Since it has happened in the past, we were all hoping the lab had made a mistake in processing Sherryl's blood and that the tumor marker of 168 was wrong. Nancy had the lab re-check their processing, and it was confirmed the tumor marker is correct.
Sherryl had responded well to the current treatment plan, so there was no reason to schedule a PET scan since the previous one was done last October. Given the spike in the tumor marker, Sherryl will have another PET scan on Thursday, March 5, and she will probably learn the results the following day. Then Sherryl's medical team will determine the next course of treatment, which will include a change in chemotherapy medication since she has stopped responding to the one currently administered.
The spike in the tumor marker feels like a major setback. The only pain Sherryl feels is very low in her back, but the pain is not constant. And she is so good about getting as much sleep as her body tells her she needs. The new tumor marker comes as a blow and Sherryl has not felt this disappointed in a long time. She said, "This is the best I've felt. It's so disappointing to find out this chemo isn't working any more."
She went on to say that it feels like a roller coaster, driven by the tumor marker highs and lows. Each time the tumor marker spikes, a new plan is needed. Her body response well, the tumor marker drops and all is well, then her body stops responding and another change is needed. One step forward, two steps back. Nancy has reassured Sherryl that there are many, many options available relative to chemotherapy medications and treatment plans.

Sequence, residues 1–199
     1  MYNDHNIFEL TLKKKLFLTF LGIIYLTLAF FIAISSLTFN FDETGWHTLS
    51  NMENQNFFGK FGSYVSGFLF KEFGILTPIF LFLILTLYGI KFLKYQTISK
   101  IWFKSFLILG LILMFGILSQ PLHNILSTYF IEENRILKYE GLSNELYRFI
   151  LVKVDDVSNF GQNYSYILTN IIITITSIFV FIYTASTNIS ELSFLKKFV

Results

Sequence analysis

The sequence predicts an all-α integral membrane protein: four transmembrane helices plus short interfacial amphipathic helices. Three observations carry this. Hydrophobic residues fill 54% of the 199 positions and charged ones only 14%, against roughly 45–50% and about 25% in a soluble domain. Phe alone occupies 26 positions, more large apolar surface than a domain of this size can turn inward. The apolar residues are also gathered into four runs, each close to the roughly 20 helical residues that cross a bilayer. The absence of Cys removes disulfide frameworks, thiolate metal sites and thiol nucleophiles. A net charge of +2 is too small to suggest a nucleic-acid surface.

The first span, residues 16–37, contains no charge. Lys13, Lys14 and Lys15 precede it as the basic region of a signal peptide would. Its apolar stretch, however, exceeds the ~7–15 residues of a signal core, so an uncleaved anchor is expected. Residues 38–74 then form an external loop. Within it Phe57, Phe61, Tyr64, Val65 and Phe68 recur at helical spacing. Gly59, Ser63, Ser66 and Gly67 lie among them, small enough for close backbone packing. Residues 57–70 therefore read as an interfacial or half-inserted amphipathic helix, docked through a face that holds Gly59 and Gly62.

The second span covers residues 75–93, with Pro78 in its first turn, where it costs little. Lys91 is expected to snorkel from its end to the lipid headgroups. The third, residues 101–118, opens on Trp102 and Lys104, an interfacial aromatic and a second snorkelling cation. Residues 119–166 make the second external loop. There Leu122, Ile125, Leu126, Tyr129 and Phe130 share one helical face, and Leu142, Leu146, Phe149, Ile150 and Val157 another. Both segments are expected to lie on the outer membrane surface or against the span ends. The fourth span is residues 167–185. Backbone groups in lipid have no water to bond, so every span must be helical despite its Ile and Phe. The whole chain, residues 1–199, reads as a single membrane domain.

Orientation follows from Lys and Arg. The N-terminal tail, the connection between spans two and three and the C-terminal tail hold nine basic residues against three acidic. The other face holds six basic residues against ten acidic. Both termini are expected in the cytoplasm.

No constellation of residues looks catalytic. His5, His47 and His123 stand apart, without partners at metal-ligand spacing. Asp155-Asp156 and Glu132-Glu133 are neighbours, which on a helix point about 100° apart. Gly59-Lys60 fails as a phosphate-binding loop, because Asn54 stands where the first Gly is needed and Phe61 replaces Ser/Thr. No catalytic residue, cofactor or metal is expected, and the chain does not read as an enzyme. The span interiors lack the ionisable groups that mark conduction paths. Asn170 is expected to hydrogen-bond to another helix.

Through this entire journey, there is one thing that Sherryl says she's learned to do that brings her great pride. She has a new way of crying, and she's really excited about it. She's able to cry without her face contorting. What Oprah calls "the ugly cry," Sherryl calls "contorted face cry." In the two years she's had cancer, Sherryl has learned to relax the muscles in her face and now just lets the tears roll down her cheeks. No facial contortion. At all. She doesn't cry often, but when there are setbacks like this one and tears well in her eyes, this new way of crying is great progress.
The "new way of crying" story doesn't translate well without Sherryl's voice. She explains it in a way that has her audience in hysterics. And ultimately, she's once again found the proverbial silver lining in the looming cloud. Even with a spiked tumor marker, pending PET scan results, and a to-be-determined treatment plan, RaRa is laughing. But we've seen this attitude surface in the past. Lesson: Never underestimate RaRa's resilience.